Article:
During the American Colonial period, the island was a military paradise, something that should have been comparable to Subic and Clark during their heyday. It was called Fort Mills by the Americans as a part of the Manila Bay Harbor Defense Fortifications they set up after they acquired the Philippines from the Spaniards.
The island had a cinema, a school, and comfortable barracks for both American and Filipino soldiers residing there. Military personnel would have dance parties as they built more fortifications around the island itself and its neighboring islets as protection for Manila Bay.
One of these fortifications is the engineering marvel that is the Malinta Tunnel. This bomb-proof storage facility was built from 1922 to 1932. It has a main tunnel that runs for over 800 feet with several lateral tunnels branching out on each of its sides. When war broke out in the Pacific, some of the lateral tunnels were turned into a 1,000-bed hospital facility.
During the battle of Corregidor in 1942, Malinta Tunnel became the headquarters of General Douglas MacArthur and the United States Army Forces in the Far East (USAFFE). It also became the hiding place of President Manuel Quezon. He and his Vice President Sergio Osmena also took their oath at the tunnel’s West Entrance.
In 1945, during the Americans’ retaking of the island, Japanese forces trapped inside committed suicide by detonating explosives (it was bomb proof outside, not from the inside). This caused some of the lateral tunnels to cave in. Some of them are still being excavated to this day.
During the tour, participants can walk through the tunnel where key points in Corregidor’s history are brought to life through a lights and sounds show. You will hear President Quezon and General McArthur’s discussions and even hear the rumblings of a bombing. This will cost an extra P200 per person, but you’ll regret it if you miss out on this part of the tour.
In a nearby part of the island is Corregidor’s lighthouse. First lit in 1853, it was built to help ships as they entered the mouth of Manila Bay and guided them to the port. The island got its name from the word, “corregir” which literally means ‘to correct.’ It was later on made to be the island of where the “corregidor” or “the corrector” dwells. A corregidor is the person who acted as the Customs inspector during the Spanish period. Boats always had to pass through the Isla del Corregidor (Island of the Corrector) to have the cargo they were bringing in and out of Manila checked.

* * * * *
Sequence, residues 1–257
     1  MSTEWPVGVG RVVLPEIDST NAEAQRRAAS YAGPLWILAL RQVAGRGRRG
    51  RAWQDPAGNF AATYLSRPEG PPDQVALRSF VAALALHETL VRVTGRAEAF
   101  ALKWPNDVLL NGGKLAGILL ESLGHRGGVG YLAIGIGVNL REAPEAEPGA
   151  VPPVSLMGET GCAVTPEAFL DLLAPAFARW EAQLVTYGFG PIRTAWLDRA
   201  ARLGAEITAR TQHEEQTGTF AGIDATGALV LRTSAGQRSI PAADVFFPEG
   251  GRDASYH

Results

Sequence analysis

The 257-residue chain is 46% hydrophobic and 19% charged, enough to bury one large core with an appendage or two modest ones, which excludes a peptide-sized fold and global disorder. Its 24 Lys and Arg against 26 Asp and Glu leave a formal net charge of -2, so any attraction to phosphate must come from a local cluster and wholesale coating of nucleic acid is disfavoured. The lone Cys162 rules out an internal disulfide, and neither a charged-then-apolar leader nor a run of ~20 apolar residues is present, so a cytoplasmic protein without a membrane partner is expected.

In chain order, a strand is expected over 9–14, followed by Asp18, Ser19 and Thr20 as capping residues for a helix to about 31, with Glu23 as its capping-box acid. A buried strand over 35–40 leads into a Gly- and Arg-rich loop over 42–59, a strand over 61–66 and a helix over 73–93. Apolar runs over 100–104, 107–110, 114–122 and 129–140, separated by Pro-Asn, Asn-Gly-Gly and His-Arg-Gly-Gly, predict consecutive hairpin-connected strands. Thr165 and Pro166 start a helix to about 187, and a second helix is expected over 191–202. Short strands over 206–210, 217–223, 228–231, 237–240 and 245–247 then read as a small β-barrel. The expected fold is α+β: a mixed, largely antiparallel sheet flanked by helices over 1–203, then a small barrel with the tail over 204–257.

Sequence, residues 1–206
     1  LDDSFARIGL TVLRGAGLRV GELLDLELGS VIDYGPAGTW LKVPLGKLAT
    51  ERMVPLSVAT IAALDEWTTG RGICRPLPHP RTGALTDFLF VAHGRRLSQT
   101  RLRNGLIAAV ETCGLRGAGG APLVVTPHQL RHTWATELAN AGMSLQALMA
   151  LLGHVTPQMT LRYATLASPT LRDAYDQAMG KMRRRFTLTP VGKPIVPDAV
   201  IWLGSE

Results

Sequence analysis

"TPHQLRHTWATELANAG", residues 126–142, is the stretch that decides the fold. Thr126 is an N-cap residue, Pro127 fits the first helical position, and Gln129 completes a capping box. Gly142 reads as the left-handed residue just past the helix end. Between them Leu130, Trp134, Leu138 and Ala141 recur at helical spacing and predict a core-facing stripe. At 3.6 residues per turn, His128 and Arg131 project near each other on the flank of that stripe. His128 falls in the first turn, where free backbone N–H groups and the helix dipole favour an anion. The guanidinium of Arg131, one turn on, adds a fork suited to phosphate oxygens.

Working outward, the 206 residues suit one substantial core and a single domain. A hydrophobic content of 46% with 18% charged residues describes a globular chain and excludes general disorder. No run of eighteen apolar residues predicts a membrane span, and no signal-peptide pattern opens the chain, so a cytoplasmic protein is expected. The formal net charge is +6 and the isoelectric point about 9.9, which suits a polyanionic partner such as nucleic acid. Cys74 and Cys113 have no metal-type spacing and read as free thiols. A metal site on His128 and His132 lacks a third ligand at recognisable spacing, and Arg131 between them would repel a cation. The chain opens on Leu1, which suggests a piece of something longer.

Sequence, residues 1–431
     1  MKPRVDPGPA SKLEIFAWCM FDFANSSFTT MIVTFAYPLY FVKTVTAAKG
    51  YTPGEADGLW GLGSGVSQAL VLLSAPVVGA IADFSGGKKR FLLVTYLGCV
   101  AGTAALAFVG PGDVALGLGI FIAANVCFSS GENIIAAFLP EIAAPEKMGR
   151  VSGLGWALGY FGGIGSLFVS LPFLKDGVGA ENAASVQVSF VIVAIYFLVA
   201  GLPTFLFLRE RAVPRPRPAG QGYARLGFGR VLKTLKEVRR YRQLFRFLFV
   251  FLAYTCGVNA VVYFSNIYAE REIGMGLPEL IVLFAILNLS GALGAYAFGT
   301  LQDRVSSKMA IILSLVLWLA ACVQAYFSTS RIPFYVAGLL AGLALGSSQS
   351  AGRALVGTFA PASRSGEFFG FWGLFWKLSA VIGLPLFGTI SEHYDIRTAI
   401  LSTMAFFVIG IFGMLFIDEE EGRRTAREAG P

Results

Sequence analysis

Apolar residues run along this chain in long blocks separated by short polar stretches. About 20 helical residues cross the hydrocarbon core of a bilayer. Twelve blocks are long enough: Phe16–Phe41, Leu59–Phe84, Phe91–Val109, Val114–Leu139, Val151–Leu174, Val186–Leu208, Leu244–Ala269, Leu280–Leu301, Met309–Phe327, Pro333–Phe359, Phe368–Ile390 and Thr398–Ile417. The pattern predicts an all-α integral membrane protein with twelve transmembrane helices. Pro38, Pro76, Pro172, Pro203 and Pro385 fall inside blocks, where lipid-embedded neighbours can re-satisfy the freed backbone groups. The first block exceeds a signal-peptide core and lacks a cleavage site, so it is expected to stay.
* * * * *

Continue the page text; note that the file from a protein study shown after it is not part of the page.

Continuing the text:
The tour ended at the museum where war memorabilla, photos, letters, and even vintage plane models can be viewed. A walk along the Pacific War Memorial will also show you a dome, perfectly positioned to have the sun shine exactly through its oculus every 6th of May at noon, commemorating the fall of Corregidor. Yearly, a ceremony is held at the memorial to honor the fallen soldiers, with veterans, no matter how frail they are by now, still attending.
The tour is said to be a favorite among foreigners visiting Manila due to the island’s fascinating story and its proximity to the capital. You may chance upon American veterans (or their children), Europeans interested in the Pacific theater of WWII, and even a handful of Japanese tourists. Some stay longer on the island to venture into the woodlands and see Japanese foxholes used during the war. Some try ghost-hunting while others try their luck picking up an artifact or two. If you don’t have the time to look for some yourself, there are a handful being sold on the island.
A tour of Corregidor is indeed a must for every Filipino. It’s an effective reminder of the sacrifices of soldiers who fought for freedom and what they believed in. It helps that a trip like this requires minimal planning; call, book your tour and ferry, and go! – Rappler.com